Even with the efforts of accounting and law firms to assist their clients and other friends in understanding and complying with NYPMIFA, many NPOs’ governing boards and management teams have questions about the law’s applicability to their own circumstances and how they should respond. 

The following are some of the more frequently asked questions that have come our way:

Q:  An NPO has not yet finalized its investment policy in accordance with NYPMIFA, or notified donors with regard to their endowment restrictions.  Is it too late to comply?  How much trouble is the organization in? 

A:  Clearly, New York State intended for organizations to comply with the new law in a reasonable time frame. Our recommendation for those NPOs who have yet to meet NYPMIFA’s requirements would be, as soon as possible, (i) to complete the development of their investment policies (with governing board approval) and (ii) to determine the extent to which it has responsibility for notification of donors (and to start that process).  It may also be wise for the organization to seek legal counsel as to how to proceed.

Q:  Does a New York not-for-profit religious organization, which has no federal or state compliance filing responsibilities (except perhaps for unrelated business income tax), have to comply with NYPMIFA? 

A:  Yes.  NYPMIFA applies to all types of New York not-for-profit organizations, including educational and religious entities, as well as to certain wholly charitable trusts (although most such trusts that donate solely to charities are exempt). The law also covers trade associations and not-for-profit social clubs and welfare organizations.

Q:  NYPMIFA permits an organization to spend below the historical dollar value (HDV) of its institutional funds; accordingly, what amount, if any, should an NPO classify as permanently restricted net assets in its financial statements? 

A:  Absent explicit donor stipulations, an organization’s governing board must determine an amount that will allow the fund to be retained in perpetuity. In determining this amount, the board may consider such factors as the original gift amount, the effects of inflation on the fund, and the ability to maintain purchasing power (although NYPMIFA does not contain a specific legal requirement to maintain purchasing power).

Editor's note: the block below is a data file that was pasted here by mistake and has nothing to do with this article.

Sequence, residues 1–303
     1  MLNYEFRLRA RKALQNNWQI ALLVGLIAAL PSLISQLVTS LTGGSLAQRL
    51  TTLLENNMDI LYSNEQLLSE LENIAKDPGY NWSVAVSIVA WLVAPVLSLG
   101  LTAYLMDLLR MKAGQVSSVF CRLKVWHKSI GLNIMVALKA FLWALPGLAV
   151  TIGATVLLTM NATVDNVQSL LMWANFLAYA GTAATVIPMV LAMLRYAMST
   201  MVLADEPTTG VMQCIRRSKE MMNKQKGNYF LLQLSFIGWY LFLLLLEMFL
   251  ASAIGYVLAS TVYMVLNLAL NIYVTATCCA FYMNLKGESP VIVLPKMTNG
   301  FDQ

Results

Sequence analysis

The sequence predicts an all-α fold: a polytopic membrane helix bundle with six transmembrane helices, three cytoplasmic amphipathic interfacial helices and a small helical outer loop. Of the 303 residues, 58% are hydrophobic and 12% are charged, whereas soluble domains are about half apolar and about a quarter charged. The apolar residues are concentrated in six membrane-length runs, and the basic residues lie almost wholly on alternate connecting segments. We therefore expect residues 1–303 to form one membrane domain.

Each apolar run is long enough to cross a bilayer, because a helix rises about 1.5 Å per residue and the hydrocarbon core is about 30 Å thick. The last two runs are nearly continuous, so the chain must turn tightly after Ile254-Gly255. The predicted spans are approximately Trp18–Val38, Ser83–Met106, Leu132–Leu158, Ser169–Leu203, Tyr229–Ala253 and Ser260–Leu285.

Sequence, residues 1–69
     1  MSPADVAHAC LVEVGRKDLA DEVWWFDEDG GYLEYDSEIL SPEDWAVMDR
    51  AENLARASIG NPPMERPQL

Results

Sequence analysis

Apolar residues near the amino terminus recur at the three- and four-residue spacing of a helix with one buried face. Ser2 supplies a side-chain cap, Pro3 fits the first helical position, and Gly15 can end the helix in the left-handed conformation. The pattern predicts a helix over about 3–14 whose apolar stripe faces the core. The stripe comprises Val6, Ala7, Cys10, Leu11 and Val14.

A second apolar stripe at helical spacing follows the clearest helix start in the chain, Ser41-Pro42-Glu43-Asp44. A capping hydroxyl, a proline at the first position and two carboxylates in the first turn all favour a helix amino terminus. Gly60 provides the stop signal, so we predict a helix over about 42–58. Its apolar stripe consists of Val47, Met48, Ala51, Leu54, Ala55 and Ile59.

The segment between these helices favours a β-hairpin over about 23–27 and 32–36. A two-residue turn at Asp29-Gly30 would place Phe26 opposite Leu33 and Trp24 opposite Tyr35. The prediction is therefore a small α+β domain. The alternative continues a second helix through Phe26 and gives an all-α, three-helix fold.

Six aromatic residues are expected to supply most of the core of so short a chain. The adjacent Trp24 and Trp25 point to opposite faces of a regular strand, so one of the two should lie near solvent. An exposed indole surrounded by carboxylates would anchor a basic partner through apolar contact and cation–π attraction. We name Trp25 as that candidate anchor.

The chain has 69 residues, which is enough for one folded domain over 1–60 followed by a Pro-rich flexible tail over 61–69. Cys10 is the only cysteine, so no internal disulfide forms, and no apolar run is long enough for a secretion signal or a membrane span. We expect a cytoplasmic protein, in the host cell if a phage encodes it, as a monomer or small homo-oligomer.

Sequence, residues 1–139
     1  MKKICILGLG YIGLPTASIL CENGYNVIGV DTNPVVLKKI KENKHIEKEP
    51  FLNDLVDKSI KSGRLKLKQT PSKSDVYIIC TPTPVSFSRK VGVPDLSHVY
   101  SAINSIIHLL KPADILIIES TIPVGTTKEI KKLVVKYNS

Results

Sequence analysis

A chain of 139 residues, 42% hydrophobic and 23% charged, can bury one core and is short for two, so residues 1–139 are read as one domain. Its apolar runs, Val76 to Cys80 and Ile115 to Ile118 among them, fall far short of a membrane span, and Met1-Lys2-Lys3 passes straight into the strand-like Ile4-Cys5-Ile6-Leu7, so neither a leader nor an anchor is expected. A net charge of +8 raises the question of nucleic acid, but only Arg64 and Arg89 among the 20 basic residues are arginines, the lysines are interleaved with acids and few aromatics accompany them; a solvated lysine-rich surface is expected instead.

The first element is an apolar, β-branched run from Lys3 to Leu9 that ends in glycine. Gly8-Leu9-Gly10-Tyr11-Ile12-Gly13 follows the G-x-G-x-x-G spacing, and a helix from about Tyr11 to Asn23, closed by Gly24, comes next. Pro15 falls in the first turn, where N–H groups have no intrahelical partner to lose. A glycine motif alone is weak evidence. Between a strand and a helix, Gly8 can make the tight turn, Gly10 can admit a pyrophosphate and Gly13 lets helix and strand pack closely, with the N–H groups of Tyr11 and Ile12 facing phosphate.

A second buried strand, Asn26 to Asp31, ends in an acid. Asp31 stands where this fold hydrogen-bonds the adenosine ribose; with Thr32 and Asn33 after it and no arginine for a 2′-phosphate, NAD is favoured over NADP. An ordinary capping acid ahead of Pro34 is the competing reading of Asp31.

Q:  If NYPMIFA permits an NPO to spend below historical dollar value, does that prevent a fund from going “underwater” (i.e., below HDV)? 

A:  No. The organization’s board must determine what amount should be retained in perpetuity and classified within permanently restricted net assets. Anytime the fair value of the underlying assets of a fund are less than the amount classified as permanently restricted net assets, the fund is considered to be “underwater.”

Q:  If during the year an endowment fund’s underlying assets are worth less than the amount held in perpetuity, and the fund is now underwater, how does the NPO disclose the fund in its financial statements? 

A: To the extent that the fund had unappropriated accumulated earnings in temporarily restricted net assets, the deficiency would be applied until such balance reaches zero. Any additional deficiencies would be shown in the unrestricted net assets column, in accordance with the Financial Accounting Standards Board’s Accounting Standards Codification (ASC) 958-205-50 (formerly FASB Staff Position FAS 117-1).

Q:  If a donor of an endowment fund that was established prior to the enactment of NYPMIFA opts for the fund to be managed under the provisions of NYPMIFA, does the law’s “7% rebuttable presumption of imprudence” still apply? 

A:  No. The rebuttable presumption of imprudence applies only to new gifts received after September 17, 2010. However, an NPO’s board must still consider the law’s eight governing factors when determining whether to appropriate (and, if so, how much to appropriate).